US, UK spies stole data to crack phones

US, UK spies stole data to crack phones
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Spies in the U.S. and United Kingdom carried out a secret mission in 2010 to break into the internal network of a multinational cellphone chip producer and steal keys allowing them to hack into people’s phones, according to new leaked documents from Edward Snowden.

Those stolen keys allowed the National Security Agency (NSA) and its British counterpart, the Government Communications Headquarters (GCHQ), to bypass cellphone encryption protections and monitor people’s communications without having to go to cellphone companies or the courts for help.

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That access allows agencies to decrypt both voice and data messages sent through the phones, offering a detailed glimpse into someone’s personal communications.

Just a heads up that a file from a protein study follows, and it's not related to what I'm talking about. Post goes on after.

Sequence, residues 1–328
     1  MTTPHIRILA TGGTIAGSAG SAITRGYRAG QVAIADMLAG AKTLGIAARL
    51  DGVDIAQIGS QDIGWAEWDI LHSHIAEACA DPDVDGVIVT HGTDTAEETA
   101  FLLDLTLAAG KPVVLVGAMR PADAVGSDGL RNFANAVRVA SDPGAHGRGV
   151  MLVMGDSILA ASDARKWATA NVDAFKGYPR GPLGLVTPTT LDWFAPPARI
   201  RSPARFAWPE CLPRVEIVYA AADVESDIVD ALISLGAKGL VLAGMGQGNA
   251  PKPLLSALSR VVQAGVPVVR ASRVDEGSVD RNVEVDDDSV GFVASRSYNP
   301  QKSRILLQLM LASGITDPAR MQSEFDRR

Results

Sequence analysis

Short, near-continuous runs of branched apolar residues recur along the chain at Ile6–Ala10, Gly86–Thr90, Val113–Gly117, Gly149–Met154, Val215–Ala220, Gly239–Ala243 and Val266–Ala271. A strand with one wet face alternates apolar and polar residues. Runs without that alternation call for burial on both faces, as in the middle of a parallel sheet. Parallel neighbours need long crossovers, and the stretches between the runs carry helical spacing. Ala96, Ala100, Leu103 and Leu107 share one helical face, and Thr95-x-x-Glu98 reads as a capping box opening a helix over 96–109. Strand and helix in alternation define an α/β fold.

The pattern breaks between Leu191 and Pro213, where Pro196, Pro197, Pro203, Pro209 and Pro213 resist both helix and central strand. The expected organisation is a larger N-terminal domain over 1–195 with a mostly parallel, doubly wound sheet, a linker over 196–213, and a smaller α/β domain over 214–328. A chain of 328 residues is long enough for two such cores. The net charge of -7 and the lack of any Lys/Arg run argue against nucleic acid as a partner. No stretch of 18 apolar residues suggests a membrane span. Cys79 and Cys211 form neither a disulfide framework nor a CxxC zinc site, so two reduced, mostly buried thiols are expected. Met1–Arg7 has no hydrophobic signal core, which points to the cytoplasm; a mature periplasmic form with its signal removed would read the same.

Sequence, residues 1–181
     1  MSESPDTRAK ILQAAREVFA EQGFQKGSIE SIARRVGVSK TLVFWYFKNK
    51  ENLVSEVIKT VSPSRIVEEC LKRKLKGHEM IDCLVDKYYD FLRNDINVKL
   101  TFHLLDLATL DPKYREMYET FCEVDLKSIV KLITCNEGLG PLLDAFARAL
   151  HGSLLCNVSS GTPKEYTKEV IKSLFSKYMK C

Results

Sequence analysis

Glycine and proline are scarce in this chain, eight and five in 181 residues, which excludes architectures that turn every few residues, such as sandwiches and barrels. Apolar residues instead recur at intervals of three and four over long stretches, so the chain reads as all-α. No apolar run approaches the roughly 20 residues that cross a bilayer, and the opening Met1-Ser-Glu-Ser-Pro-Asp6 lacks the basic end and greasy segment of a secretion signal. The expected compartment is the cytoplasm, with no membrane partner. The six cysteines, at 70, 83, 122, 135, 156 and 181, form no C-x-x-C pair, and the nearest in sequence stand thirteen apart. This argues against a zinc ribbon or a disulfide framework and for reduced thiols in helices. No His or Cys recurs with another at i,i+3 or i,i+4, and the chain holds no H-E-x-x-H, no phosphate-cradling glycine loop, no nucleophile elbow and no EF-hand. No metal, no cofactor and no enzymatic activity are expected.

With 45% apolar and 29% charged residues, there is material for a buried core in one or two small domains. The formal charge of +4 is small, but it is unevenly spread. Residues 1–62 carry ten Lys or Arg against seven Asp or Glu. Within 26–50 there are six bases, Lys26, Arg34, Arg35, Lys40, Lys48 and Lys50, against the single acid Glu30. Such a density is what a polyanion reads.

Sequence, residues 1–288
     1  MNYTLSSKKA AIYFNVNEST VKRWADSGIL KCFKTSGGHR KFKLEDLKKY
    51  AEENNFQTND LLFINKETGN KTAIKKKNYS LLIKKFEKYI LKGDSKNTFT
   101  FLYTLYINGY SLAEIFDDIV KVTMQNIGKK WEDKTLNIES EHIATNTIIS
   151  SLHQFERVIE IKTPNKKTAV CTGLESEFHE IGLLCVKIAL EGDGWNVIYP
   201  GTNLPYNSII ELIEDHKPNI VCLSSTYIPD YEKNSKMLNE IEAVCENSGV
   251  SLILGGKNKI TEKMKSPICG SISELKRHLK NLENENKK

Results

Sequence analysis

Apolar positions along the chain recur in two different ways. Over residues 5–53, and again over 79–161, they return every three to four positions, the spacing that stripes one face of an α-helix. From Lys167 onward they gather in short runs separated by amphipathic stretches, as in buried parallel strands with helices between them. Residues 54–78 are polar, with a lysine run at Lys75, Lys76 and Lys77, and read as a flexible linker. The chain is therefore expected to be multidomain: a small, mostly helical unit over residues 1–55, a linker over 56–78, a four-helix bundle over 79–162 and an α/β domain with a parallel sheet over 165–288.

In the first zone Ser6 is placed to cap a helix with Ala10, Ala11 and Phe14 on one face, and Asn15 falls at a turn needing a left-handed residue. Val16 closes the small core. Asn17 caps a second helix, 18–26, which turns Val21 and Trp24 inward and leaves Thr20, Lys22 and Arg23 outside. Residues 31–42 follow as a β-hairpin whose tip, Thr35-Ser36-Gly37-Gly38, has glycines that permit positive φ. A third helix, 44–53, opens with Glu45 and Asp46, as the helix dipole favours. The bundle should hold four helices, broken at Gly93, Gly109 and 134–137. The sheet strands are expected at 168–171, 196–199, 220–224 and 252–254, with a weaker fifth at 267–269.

Encryption technologies built into modern SIM cards, which also store people’s contacts, pictures and other data, prevent people from easily listening into each other’s calls or reading their text messages.

In order to bypass those security systems, documents leaked by Snowden to the Intercept show that officials from both the NSA and GCHQ joined forces to form the Mobile Handset Exploitation Team in 2010. The spies digitally broke into the network of Gemalto, a Dutch company that produces chips for AT&T, Verizon and other major cellphone service providers, and “harvested” tens of thousands of keys as they were sent to wireless companies.  

In a 2010 slide, GCHQ officials claimed to have “successfully implanted several machines and believe we have their entire network.”

In order to break into the network, agency officials cracked into the email and Facebook accounts of Gemalto employees.

Once a system to nab the keys was set up, it “can deliver significant results with little manual effort,” the GCHQ said in another top-secret document

News of the effort is likely to increase scrutiny on the NSA, which has long been the subject of ire from civil liberties advocates, and could strain the U.S.’s relationship with officials in the Netherlands.